Legalese is a pejorative term referring to overly stiff and complicated legal English as its own, separate language. It is not restricted to any specific field within law but rather makes fun of certain aspects common in legal texts.
“In witness whereof the parties hereunto have set their hands to these presents as a deed on the day month and year hereinbefore mentioned.” While this sentence seems very complex and significant, its equivalent in plain English is simply the word “Date” under a signature line in a contract.
Another example is contained in subpoenas in the US legal system: “Herein fail not at your peril”. This simply means that the subpoenaed person is required to follow the instructions of the document.
Many specific legal terms are derived from Latin or French which further complicates understanding it for laymen.
Businesses using legalese can often be seen as trying to sneak disadvantageous conditions for consumers by, similar to the use of fine print in contracts.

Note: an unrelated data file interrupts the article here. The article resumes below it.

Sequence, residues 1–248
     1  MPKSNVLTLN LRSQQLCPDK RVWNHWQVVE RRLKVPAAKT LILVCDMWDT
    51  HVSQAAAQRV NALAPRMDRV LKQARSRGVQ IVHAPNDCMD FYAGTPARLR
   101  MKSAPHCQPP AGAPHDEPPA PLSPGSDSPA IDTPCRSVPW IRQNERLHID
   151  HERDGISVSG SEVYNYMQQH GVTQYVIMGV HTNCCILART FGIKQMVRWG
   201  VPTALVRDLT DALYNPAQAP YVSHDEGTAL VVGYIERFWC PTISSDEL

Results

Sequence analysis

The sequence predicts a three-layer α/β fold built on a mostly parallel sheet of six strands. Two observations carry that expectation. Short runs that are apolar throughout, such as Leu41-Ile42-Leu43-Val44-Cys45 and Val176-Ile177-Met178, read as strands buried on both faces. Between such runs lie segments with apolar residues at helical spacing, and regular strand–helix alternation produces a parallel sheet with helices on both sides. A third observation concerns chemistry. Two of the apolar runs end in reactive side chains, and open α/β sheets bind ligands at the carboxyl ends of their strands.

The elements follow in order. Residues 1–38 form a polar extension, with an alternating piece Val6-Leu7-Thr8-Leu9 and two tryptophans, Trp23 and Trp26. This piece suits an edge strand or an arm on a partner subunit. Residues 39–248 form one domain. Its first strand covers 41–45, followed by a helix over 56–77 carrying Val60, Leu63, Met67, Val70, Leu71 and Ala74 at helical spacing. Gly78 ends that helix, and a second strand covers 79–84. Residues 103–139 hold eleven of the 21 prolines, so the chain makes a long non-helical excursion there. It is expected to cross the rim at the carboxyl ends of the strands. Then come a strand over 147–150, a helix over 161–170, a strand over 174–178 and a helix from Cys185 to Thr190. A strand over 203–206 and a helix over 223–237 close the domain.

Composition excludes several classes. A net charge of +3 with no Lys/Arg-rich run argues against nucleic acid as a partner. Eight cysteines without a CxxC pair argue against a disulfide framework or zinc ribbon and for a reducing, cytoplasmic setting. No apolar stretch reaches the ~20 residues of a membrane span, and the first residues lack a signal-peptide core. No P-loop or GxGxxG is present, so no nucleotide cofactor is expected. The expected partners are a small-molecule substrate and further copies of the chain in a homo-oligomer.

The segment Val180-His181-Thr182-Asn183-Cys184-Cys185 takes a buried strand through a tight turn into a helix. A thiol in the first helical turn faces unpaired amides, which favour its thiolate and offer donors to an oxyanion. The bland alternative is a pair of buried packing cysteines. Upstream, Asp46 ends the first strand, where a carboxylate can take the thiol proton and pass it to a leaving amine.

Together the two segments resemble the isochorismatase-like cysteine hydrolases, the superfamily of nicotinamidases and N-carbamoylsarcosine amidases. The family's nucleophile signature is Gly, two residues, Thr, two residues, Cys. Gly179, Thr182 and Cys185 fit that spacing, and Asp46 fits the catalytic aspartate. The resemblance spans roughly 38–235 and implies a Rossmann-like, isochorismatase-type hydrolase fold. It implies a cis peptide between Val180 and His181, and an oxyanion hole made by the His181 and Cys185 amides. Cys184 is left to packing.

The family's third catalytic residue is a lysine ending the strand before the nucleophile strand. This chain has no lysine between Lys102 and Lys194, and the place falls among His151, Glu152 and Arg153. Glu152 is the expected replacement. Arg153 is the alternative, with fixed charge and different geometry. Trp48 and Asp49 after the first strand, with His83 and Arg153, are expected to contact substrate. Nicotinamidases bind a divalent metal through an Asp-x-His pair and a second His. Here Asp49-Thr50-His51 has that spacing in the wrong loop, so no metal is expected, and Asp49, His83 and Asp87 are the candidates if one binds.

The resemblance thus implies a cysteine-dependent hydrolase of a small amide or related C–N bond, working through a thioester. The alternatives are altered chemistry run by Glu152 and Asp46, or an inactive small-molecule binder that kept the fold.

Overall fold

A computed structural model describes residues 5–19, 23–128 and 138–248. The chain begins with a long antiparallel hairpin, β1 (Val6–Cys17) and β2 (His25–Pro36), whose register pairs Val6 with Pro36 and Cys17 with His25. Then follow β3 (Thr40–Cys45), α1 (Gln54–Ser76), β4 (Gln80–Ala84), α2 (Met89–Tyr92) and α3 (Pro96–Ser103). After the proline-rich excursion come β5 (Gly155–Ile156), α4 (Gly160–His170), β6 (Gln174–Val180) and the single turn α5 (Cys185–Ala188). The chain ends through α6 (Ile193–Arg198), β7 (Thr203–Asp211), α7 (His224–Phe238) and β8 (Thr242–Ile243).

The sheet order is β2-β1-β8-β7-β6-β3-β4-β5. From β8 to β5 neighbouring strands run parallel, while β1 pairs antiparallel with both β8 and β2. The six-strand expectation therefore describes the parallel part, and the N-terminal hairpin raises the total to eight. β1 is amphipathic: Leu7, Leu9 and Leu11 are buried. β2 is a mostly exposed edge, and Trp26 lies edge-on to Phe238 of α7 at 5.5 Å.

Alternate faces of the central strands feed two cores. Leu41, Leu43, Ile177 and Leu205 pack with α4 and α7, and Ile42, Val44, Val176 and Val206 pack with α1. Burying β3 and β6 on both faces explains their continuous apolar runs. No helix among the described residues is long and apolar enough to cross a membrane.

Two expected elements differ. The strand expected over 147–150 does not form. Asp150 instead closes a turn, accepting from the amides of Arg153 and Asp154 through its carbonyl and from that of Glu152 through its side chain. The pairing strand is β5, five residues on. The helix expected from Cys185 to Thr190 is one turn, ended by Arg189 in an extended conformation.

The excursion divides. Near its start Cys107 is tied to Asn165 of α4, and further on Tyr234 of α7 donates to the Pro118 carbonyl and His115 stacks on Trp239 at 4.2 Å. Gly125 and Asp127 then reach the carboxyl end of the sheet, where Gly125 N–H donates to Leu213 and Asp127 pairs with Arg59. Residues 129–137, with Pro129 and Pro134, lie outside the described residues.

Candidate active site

If your terms are clearly and concisely formulated it prevents misunderstandings. If a potential client can understand your business’ terms and conditions more easily they are more likely to actually become a client. On the other hand, using legalese can lead to potential complaints and disputes later on and deter potential clients from even entering a business relationship with you.
Using legalese may not only damage your reputation or discourage potential clients - it may even be illegal. The most common example would be privacy policies on a homepage. Since the EU’s GDPO has come into effect it has to be clearly understandable, what data is being collected on the homepage and how it is being used.
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